21 Mar 2022 12:39

All pharmaceutical companies confirm that shipments of medicines to Russia will continue - health minister

MOSCOW. March 21 (Interfax) - All pharmaceutical companies have confirmed stable shipments of drugs to Russia, Russian Health Minister Mikhail Murashko said.

"All pharmaceutical companies have confirmed to us today that shipments of drugs are continuing. In terms of listed life-saving medicines, we have regulated prices, and we are receiving these medicines in a stable manner," Murashko said at a videoconference on the accessibility of medicines organized by United Russia offices and the Health Ministry.

Demand has remained high for the past three weeks, he said. "Interestingly, this rush in demand was generally provoked by fake news and by incorrect information on a number of drugs," Murashko said.

The Russian health minister went on to ask consumers "not to create a rush in demand." "All these medications are available. They are arriving, and there are no risks to planned treatment," he said.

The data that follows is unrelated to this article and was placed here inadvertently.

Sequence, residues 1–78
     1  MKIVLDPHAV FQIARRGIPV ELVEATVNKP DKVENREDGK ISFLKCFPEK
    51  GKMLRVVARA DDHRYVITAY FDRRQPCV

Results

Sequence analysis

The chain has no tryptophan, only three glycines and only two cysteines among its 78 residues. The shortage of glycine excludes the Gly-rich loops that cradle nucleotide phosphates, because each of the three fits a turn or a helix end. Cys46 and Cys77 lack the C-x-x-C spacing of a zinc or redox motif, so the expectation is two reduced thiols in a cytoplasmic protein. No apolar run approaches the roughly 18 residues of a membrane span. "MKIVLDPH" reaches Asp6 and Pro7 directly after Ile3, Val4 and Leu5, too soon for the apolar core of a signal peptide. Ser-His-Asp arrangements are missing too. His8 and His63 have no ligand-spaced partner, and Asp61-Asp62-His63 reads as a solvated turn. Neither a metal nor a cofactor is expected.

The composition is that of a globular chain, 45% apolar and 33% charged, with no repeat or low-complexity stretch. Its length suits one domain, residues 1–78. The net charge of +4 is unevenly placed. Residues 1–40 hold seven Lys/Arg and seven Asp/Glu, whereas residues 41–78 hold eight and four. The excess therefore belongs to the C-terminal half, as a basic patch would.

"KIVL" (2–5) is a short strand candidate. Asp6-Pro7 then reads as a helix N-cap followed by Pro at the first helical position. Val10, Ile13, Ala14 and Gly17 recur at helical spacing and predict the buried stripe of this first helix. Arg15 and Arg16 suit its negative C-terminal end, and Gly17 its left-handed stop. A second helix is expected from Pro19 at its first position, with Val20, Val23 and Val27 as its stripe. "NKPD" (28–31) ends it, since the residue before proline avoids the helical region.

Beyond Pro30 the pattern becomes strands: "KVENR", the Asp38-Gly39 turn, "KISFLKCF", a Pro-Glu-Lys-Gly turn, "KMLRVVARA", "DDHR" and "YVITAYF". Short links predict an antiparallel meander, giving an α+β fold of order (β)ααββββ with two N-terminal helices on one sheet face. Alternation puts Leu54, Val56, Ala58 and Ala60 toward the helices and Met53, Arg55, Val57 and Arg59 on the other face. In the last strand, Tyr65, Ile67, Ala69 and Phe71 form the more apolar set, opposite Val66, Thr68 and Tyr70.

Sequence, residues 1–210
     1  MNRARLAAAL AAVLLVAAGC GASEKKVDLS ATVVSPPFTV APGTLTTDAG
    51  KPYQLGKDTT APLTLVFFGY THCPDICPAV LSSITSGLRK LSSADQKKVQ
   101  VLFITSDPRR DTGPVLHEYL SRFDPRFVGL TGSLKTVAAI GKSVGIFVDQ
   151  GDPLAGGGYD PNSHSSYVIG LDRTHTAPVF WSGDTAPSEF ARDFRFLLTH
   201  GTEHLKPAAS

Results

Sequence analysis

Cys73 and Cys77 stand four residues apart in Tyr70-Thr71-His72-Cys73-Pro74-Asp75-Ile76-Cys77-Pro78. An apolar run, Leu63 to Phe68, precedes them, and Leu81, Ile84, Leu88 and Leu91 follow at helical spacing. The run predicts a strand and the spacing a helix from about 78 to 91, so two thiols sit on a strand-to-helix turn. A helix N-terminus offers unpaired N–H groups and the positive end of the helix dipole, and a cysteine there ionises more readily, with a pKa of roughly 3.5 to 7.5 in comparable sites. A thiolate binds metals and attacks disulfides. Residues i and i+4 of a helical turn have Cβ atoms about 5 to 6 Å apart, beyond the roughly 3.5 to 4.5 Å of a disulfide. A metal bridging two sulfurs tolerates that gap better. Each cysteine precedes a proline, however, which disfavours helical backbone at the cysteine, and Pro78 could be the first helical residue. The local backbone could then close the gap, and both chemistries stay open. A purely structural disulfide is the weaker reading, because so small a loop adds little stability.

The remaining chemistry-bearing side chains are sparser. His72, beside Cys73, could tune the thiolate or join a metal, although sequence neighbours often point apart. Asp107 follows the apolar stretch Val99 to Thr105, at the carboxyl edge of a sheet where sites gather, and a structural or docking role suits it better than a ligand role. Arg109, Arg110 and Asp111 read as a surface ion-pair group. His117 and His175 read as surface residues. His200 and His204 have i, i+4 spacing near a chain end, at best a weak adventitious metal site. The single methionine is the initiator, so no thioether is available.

This particularly concerns L-Thyroxine, or Levothyroxine, a drug for thyroid treatment, he said. "The volumes of drugs sold by pharmacies have actually grown more than fourfold compared to usual sales. Besides, there is a sufficient quantity of this drug in storage and it is in stock with wholesale vendors. From both domestic and foreign producers. So the wholesalers are shipping it very actively right now, and the logistics network has rolled out additional capacities, including in terms of delivery," Murashko said.

There was a higher-than-usual demand for insulin over several days, but "the logistics system processed it immediately," he said.

"We have a marking system working today, which makes it possible for us to see all stockpiles across the country [...]. There is a new system in place to provide information, particularly about manufacturers and that of [Russia's Healthcare Watchdog] Roszdravnadzor, maintained jointly with the Industry and the Trade Ministry, [to provide information] on measures to prevent shortages," Murashko said.